Cryptographic vulnerabilities in IOTA: A Biased Hit Piece
Cryptographic vulnerabilities in IOTA: A Biased Hit Piece is not a technical discussion; for tech oriented responses by the IOTA founders scroll to the bottom of this analysis.
Undisclosed Conflict of Interest
A conflict of interest (COI) is a serious issue, not to be taken lightly. COI is a situation in which a person or organization is involved in multiple interests, financial or otherwise, one of which could possibly corrupt the motivation or decision-making of that individual or organization. Given that Dr. Neha Narula is Director of the Digital Currency Initiative at the MIT Media Lab, let us review MIT policy regarding COI: “MIT requires that researchers disclose certain financial interests, which disclosure enables MIT to determine if a financial interest creates a conflict of interest or the appearance of a conflict of interest.”
The legislators are concerned about COI as well. In the speech by SEC Staff titled “Analysts Conflicts of Interest: Taking Steps to Remove Bias,” SEC states: “Given the serious concerns about the conflicts of interest analysts face that may taint or bias their advice, last fall the NASD and NYSE, following a call from the SEC and Congress, began to work together to craft new rules that would aim to restore investor confidence in the analysts’ work.”
Sergey Ivancheglo, in his rebuttal to the research in case wrote: “Neha Narula’s team provided the following interest disclosure, “Ethan Heilman is involved in cryptocurrency work with the Paragon Foundation and Commonwealth Crypto Inc. Madars Virza is a Science Advisor at the Zcash company,” and goes on commenting: “Paragon Foundation works on a technology which aims to compete with IOTA in the future. Zcash’s main feature is anonymity which is threatened by Repudiation and Mixing features of IOTA. Neha Narula and Thaddeus Dryja did not disclose their interest, I leave it to the readers to find out if they work on projects attempting to compete with IOTA.”
So, let us put Ethan Heilman and Madars Virza aside and focus on Dryja for the moment.
The Bitcoin Lightning Network: Scalable Off-Chain Instant Payments white paper states what everyone knows: “The Bitcoin blockchain holds great promise for distributed ledgers, but the blockchain as a payment platform, by itself, cannot cover the world’s commerce anytime in the near future,” thusly tackling Bitcoin’s key problems: Scalability & Fees. Further down, the White Paper proposes a solution: A Network of Micropayment Channels Can Solve Scalability.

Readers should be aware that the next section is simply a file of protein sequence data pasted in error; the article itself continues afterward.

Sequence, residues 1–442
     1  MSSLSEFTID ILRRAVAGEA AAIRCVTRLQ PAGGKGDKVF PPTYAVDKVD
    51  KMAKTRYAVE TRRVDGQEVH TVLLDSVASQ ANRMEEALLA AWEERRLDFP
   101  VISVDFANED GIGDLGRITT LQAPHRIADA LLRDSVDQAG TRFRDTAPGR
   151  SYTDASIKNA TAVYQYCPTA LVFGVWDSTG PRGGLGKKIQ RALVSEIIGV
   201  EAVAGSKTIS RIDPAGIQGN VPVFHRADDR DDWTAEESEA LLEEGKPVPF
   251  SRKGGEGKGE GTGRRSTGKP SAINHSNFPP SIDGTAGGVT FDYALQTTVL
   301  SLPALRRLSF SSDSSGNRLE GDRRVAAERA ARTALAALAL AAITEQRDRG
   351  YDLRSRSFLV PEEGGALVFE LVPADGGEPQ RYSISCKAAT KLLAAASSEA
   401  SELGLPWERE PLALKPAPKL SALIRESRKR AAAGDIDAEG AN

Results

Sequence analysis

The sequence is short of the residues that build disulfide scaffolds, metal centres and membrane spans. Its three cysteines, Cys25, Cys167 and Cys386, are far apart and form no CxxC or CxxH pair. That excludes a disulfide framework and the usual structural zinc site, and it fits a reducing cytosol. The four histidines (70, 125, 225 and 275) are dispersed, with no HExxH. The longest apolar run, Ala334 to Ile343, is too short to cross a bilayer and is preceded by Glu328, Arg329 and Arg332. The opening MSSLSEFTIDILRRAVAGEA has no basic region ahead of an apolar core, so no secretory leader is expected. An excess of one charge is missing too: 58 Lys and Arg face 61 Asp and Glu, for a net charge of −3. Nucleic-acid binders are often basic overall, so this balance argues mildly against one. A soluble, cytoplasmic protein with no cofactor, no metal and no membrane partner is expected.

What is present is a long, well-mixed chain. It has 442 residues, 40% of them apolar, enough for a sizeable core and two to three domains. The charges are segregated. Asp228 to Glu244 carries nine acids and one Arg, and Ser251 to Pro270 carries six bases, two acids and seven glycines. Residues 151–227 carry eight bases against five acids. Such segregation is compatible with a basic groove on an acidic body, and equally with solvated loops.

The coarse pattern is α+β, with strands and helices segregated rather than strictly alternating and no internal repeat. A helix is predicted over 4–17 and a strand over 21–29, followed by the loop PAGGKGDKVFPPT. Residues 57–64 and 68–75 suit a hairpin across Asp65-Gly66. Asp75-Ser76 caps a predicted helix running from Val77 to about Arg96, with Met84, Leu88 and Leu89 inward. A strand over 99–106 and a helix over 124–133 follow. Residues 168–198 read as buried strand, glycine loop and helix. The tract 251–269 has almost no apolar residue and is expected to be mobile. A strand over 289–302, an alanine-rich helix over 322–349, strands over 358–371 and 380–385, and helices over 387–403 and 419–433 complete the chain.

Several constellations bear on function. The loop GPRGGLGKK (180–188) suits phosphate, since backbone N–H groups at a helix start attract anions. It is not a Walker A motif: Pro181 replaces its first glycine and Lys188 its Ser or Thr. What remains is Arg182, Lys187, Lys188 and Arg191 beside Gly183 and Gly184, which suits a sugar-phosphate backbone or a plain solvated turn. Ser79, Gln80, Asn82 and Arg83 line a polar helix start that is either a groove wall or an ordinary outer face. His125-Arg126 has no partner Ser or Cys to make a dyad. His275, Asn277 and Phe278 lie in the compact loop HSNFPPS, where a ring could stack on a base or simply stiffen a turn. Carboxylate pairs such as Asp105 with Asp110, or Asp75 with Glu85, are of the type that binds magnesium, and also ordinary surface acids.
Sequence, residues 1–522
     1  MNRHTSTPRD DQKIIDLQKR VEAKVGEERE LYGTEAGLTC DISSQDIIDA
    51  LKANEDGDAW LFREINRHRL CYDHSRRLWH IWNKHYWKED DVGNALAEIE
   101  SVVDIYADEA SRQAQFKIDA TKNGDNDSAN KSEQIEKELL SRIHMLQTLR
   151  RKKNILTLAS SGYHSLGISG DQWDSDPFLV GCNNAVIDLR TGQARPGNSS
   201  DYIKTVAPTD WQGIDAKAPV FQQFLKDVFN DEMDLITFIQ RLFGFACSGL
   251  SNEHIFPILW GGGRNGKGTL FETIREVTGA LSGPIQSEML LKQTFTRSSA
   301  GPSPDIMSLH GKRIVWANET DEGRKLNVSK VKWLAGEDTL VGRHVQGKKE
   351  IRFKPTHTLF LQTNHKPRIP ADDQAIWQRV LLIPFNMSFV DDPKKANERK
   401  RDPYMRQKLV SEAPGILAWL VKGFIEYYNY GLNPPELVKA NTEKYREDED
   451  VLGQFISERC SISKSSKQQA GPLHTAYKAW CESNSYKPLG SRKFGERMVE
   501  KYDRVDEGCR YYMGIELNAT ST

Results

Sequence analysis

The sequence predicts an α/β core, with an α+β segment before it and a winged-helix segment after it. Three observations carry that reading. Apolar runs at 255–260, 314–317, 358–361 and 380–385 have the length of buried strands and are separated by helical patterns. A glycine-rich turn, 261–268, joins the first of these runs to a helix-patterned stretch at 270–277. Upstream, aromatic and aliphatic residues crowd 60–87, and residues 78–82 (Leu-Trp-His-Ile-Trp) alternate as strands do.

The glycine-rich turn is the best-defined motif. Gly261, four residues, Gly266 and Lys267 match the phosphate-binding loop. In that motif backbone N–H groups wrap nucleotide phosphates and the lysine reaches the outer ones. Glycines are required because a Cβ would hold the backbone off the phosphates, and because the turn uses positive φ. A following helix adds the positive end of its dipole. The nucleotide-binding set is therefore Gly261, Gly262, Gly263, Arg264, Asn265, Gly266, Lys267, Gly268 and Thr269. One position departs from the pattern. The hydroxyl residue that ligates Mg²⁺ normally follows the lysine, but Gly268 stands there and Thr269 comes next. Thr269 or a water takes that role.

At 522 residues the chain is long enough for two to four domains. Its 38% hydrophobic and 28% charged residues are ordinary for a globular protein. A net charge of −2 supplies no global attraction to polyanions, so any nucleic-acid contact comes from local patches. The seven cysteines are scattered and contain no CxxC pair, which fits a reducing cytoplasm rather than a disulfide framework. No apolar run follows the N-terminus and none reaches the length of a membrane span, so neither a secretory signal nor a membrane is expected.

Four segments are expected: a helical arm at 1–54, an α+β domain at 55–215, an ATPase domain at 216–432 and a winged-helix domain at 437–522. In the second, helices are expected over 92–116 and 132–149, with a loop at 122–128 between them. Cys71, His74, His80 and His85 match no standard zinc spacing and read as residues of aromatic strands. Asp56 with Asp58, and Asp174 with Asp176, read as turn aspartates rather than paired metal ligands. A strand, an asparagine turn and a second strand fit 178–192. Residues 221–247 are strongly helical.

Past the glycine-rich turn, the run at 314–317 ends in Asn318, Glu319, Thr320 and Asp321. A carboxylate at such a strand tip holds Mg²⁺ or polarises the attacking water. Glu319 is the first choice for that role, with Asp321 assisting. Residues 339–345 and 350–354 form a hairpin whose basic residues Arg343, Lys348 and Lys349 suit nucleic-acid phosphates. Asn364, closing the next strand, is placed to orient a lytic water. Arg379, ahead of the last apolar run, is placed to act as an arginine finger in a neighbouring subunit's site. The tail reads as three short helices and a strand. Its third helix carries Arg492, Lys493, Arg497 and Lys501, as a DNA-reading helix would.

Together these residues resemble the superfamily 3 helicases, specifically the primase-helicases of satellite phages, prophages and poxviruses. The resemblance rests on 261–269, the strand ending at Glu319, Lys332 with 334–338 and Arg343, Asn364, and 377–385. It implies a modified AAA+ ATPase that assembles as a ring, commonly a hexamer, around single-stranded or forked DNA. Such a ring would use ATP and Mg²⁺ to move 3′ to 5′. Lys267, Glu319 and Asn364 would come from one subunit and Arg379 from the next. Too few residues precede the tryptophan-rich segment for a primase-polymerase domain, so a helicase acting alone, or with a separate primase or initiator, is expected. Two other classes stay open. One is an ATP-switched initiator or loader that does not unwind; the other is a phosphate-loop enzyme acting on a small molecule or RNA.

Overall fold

What are IOTA’s key advantages over the Bitcoin’s Blockchain Scalability Problem? Simply put:
— infinite scalability
— fee-less transactions.
Who is co-author of the The Bitcoin Lightning Network: Scalable Off-Chain Instant Payments paper? No other but Thaddeus Dryja, one of the Cryptographic vulnerabilities in IOTA researchers. His own work directly competes with IOTA’s solutions. Using the Narula’s language, that represents a glaring conflict of interest, something the researchers inexcusably neglected to mention.
Hiding Behind Authority
Cryptographic vulnerabilities in IOTA, is an article published by Neha Narula, Ph.D. in Computer Science on Medium. While Medium is an online platform, “a place where everyone has a story to share,” Dr. Narula has arguably a much more authoritative platform, The Digital Currency Initiative at the MIT University’s Media Lab itself.
However, while Dr. Narula has chosen to publish her article on a free platform instead on her own academic one, she uses her title as the Director, Digital Currency Initiative at the MIT Media Lab to identify herself on Medium. Such approach gives an impression of a highly respectable academic institution being behind the research. As Forbes picks up her work, it titles it as, not the “Medium Freelancers Uncover Critical Security Flaw In $2B Cryptocurrency IOTA” but as the “MIT And BU (Boston University) Researchers Uncover Critical Security Flaw In $2B Cryptocurrency IOTA.”
“MIT And BU Researchers Uncover…” has therefore became a regurgitating theme for all the copy / paste crypto experts promulgating this, as it seems, highly bias research. In reality, neither Boston University’s Center for Finance, Law & Policy that explores digital currencies, nor MIT feature Narula et.al. IOTA research.